Once Upon A Time…An Estate Planning Tale

Once upon a time, in the kingdom of Noplann, there lived a group of people who thought they would live forever. They raised families. They had careers. But when it came to thinking about their demise, they just stuck their heads in the sand. To them, planning for their departure meant admitting they would one day leave this world, an idea they weren’t ready to accept it. That philosophy ran through the entire society and it caused problems for everyone—everyone that is, except The Tax Man, who lurked in the shadows waiting for an opportunity to pounce.

Just as sure as death and taxes, some of Noplann’s royalty died and their lack of planning created catastrophic results. The Queen, Aretha Franklin, had been encouraged to plan for the disposition of her $80 million estate, but she did not. Her kids jumped through lots of legal hoops and received their inheritance only after The Tax Man took more than $27 million.

The Prince of Noplann also didn’t do advance planning. He died earlier than expected at age 58. After The Tax Man was through with Prince’s $300 million estate, more than $161 million was carted off to The Tax Man’s lair.

And then, there was the King. He was legendary and his exploits were known in kingdoms around the world. But while King Elvis did a little planning, it wasn’t nearly enough and the ever-present Tax Man carried off bags of money to the tune of 73% of the King’s estate.

There are other famous residents of Noplann—Amy Winehouse, Bob Marley, Jimi Hendrix, Howard Hughes, and Martin Luther King, Jr to name just a few.

Failing to create an estate plan is a widespread problem. A Harris poll commissioned by Rocket Lawyer found that 64 per cent of Americans do not have a will.  And when a person dies intestate, the STATE decides how property will be distributed.  That means almost two-thirds of Americans have decided to let someone else choose the fate of what they leave behind.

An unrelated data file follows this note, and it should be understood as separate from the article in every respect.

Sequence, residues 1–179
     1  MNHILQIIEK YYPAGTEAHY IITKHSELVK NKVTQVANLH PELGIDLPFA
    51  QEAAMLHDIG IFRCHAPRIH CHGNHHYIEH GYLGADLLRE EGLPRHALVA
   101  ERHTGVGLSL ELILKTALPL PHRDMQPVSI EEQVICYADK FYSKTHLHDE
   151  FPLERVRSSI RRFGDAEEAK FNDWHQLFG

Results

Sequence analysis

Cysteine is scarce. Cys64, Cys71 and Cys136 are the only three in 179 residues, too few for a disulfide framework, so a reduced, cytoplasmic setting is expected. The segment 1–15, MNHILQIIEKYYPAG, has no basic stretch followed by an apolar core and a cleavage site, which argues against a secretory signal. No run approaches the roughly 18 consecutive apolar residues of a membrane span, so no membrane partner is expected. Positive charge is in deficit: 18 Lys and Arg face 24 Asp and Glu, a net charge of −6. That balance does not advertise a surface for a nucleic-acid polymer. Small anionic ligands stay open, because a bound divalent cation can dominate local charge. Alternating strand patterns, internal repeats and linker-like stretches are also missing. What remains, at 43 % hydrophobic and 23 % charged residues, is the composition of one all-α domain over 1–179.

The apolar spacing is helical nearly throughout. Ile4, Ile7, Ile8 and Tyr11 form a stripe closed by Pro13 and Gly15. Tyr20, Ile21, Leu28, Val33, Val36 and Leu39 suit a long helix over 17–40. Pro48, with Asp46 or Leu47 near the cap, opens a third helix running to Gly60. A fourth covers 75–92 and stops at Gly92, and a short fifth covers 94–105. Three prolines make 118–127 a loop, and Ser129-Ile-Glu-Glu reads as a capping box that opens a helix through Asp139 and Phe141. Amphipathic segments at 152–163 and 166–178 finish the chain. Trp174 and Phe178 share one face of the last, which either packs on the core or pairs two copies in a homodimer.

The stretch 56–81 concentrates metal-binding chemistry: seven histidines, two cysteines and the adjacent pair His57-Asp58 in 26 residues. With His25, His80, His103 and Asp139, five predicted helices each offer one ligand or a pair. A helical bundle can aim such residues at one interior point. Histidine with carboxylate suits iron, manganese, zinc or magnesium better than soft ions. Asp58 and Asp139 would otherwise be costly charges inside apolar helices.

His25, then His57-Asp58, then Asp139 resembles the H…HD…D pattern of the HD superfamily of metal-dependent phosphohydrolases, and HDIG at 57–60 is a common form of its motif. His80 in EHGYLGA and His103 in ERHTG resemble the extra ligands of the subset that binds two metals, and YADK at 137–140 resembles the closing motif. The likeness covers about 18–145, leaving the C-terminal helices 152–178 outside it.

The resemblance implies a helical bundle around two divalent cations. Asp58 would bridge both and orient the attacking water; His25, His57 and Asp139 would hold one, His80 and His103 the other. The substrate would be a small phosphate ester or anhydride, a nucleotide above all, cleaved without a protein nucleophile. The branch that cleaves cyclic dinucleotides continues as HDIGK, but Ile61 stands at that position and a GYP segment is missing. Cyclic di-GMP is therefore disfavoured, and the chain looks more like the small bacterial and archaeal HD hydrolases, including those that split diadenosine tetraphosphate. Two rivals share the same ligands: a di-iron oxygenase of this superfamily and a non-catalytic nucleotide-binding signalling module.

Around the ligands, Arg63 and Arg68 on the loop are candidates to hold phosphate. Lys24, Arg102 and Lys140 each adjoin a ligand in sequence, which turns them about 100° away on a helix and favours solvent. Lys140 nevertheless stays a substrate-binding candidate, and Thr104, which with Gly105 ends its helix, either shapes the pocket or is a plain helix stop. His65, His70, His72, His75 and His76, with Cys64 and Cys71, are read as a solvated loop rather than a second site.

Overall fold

You may not be royalty, like the folks in Noplann, but your estate is just as important, and there are lots of reasons to create an estate plan—privacy, taxes, taking care of beneficiaries, eliminating family in-fighting. But maybe the best reason is to make sure YOUR wishes are carried out.

Begin by asking yourself:

  • Is a will the best planning tool for my situation
  • Do I need a trust rather than a will
  • Does it matter if my estate goes through probate
  • Do I want the details of my estate settlement to remain private
  • Should one person settle my estate or multiple people with different skill sets
  • Will I create problems naming a family member as my executor or trustee
  • Is a corporate trustee the best option

Even if you’ve done some planning—review.  Make sure your wishes are up-to-date.  Things change.  For example, if you’ve divorced but haven’t updated your will, trust, or the beneficiaries on your life insurance, annuities and retirement accounts, your ex-spouse could get your estate, and wouldn’t that tick off some folks!

The moral of the story—no planning, no control.  So, do some homework.  Get expert advice.  Create a plan that insures your assets will be handled the way you want after you’re gone. The land of Noplann doesn’t need any more residents.

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